March Clinical Considerations for NPs, PAs
This month we’re looking at new allergy guideline recommendations, discuss whether or not ‘natural’ soap is milder and novel immunomodulators.
What do you do with Peanut allergic patients? Especially pediatrics with Atopic Dermatitis. Recently published guidelines are available to help us manage these patients. These findings may signal a change in practice, and recommends that children with severe atopic dermatitis or egg allergy need further evaluation so they can get early peanut exposure to prevent the development of peanut allergy. See Dr. Eichenfields article to learn more...
Soap is Soap and the term 'natural' does not infer that these 'natural' products are gentle or mild. The term soap means that it has detergent properties that can be harsh and eczema inducing to the skin. So don't be fooled by the term 'natural' and get a specific cleanser/wash/soap history from patients presenting with xerotic eczematous conditions. Dr. Draelos has some great pearls in her article.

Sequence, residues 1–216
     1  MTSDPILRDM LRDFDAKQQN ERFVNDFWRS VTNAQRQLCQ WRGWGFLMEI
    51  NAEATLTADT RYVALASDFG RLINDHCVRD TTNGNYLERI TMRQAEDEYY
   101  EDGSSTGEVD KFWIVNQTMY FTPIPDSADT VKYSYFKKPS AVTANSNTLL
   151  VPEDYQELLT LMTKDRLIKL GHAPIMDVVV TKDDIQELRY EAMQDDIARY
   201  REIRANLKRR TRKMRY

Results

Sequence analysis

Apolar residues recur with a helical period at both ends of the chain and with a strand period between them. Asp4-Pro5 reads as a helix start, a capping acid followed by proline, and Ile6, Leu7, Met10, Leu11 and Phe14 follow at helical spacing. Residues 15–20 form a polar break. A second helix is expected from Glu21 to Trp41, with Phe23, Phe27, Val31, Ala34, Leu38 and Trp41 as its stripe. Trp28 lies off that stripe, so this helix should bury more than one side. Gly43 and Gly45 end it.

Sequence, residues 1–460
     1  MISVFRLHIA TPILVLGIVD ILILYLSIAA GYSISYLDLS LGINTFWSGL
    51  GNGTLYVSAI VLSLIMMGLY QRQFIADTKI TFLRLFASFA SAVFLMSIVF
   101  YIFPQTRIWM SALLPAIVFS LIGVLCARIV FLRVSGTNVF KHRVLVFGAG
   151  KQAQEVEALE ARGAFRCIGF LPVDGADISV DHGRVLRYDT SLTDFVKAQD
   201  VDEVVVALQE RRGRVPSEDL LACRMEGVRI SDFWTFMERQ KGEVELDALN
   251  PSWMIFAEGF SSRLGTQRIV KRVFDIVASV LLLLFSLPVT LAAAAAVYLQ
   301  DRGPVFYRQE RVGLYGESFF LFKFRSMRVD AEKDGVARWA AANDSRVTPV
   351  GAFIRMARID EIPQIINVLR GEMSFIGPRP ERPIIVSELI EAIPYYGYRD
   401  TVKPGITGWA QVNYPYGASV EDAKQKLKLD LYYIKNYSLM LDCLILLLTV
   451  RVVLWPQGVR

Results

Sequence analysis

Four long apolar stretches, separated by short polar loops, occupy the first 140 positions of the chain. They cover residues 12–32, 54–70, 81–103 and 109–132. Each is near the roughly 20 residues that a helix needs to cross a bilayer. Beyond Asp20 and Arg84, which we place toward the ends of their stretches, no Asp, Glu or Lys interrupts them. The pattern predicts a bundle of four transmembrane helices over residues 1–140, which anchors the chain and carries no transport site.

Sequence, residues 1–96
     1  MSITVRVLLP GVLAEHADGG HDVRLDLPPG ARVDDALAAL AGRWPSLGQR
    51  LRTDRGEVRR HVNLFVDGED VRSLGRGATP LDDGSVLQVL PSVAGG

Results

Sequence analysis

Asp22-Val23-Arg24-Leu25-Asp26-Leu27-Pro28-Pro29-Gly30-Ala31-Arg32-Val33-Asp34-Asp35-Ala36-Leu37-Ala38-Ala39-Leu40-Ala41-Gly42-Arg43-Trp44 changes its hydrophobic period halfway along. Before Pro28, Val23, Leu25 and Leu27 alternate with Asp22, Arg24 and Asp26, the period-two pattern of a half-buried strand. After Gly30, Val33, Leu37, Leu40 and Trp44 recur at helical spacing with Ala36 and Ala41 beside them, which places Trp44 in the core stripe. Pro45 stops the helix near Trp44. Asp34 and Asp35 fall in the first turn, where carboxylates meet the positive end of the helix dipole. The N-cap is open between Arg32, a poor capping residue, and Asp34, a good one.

The Era of Atopic Dermatitis is upon us! Over the last 10 years our therapeutic target has shifted from external topical therapeutics to repair barrier dysfunction to new targeted immunomodulatory agents targeting what we now understand to be an immune-driven disorder. Soon we will have the first systemic biologic agent available Dipixent, an IL-4 and IL-13 inhibitory. Other systemic agents will follow targeting JAK, PDE-4, IL-22, IL-23, and IL-17. Eucrisa a topical PDE-4 inhibitor is now available with other topical agents in development targeting JAK inhibition. So use this article to stay tuned and brush up on your immunology. These agents are coming soon.
Joe Gorelick, MSN, FNP-C, Dermatology Education Foundation Founder and Chairman